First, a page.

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J Vis Exp. 2019 Jun 23;(148). doi: 10.3791/59427.

Processing of Bronchoalveolar Lavage Fluid and Matched Blood for Alveolar Macrophage and CD4+ T-cell Immunophenotyping and HIV Reservoir Assessment.

Author information

1
Research Institute McGill University Health Centre; Department of Biological Sciences, Université de Québec à Montréal.
2
Research Institute McGill University Health Centre; Department of Biological Sciences, Université de Québec à Montréal; Department of Microbiology & Immunology, McGill University.
3
Department of Biological Sciences, Université de Québec à Montréal.
4
Centre de Recherche du Centre Hospitalier de l'Université de Montréal.
5
Centre de Recherche du Centre Hospitalier de l'Université de Montréal; Département de microbiologie, infectiologie et immunologie, Université de Montréal.
6
Research Institute McGill University Health Centre.
7
Research Institute McGill University Health Centre; Department of Microbiology & Immunology, McGill University; Department of Medicine, Division of Infectious Diseases, McGill University.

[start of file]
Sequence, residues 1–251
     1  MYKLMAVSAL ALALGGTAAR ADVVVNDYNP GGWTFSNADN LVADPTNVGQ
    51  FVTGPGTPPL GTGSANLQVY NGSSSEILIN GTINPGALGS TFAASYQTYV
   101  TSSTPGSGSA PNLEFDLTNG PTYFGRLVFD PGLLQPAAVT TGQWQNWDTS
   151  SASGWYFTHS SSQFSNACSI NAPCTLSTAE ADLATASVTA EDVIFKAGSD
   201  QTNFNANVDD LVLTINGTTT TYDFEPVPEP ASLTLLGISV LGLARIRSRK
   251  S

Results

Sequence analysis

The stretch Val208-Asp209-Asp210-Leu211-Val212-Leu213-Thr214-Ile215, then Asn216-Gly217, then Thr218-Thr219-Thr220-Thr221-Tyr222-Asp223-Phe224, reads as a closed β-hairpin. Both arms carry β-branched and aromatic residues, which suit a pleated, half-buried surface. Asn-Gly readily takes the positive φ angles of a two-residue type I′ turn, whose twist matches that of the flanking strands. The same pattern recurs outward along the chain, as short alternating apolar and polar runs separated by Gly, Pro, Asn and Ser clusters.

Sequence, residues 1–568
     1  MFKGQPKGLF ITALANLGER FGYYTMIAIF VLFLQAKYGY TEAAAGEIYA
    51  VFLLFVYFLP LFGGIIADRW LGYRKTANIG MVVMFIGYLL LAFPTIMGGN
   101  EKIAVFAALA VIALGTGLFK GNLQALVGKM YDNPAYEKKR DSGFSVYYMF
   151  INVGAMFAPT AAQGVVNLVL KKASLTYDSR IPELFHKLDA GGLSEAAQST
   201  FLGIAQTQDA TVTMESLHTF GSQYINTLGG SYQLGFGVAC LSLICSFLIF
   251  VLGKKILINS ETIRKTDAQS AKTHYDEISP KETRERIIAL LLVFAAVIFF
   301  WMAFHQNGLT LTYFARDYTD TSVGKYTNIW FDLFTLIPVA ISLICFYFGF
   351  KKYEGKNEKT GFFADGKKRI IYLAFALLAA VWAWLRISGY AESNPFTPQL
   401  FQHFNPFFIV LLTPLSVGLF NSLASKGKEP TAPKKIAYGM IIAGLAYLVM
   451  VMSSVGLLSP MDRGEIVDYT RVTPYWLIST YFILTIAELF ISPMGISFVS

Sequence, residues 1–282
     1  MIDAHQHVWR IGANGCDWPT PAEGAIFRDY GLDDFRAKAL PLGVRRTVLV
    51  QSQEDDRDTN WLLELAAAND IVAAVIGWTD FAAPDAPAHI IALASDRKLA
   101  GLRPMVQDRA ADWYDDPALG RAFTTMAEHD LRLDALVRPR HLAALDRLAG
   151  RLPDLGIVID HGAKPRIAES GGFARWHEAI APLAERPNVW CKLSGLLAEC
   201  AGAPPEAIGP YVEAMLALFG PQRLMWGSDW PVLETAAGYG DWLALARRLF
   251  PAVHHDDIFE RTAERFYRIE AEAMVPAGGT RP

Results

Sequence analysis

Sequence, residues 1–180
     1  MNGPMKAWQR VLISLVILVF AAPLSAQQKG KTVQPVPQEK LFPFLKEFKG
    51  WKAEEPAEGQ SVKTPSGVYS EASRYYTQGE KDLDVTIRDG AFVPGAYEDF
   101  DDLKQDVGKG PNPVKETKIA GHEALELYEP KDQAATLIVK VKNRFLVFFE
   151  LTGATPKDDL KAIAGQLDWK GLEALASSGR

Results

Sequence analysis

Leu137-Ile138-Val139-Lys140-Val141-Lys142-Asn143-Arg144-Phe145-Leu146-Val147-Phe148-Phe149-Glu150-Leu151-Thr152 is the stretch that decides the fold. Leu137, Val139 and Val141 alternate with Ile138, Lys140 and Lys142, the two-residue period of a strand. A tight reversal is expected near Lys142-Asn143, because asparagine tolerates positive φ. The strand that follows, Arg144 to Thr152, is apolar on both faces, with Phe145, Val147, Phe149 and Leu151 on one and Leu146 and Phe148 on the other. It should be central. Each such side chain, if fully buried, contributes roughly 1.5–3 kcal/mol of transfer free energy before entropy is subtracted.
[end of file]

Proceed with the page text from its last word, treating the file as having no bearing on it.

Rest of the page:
8
Department of Biological Sciences, Université de Québec à Montréal; Department of Microbiology & Immunology, McGill University; Département de microbiologie, infectiologie et immunologie, Université de Montréal; jenabian.mohammad-ali@uqam.ca.
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Contributed equally

Abstract

Bronchoscopy is a medical procedure whereby normal saline is injected into the lungs via a bronchoscope and then suction is applied, removing bronchoalveolar lavage (BAL) fluid. The BAL fluid is rich in cells and can thus provide a 'snapshot' of the pulmonary immune milieu. CD4 T cells are the best characterized HIV reservoirs, while there is strong evidence to suggest that tissue macrophages, including alveolar macrophages (AMs), also serve as viral reservoirs. However, much is still unknown about the role of AMs in the context of HIV reservoir establishment and maintenance. Therefore, developing a protocol for processing BAL fluid to obtain cells that may be used in virological and immunological assays to characterize and evaluate the cell populations and subsets within the lung is relevant for understanding the role of the lungs as HIV reservoirs. Herein, we describe such a protocol, employing standard techniques such as simple centrifugation and flow cytometry. The CD4 T cells and AMs may then be used for subsequent applications, including immunophenotyping and HIV DNA and RNA quantification.

PMID:
31282892
DOI:
10.3791/59427

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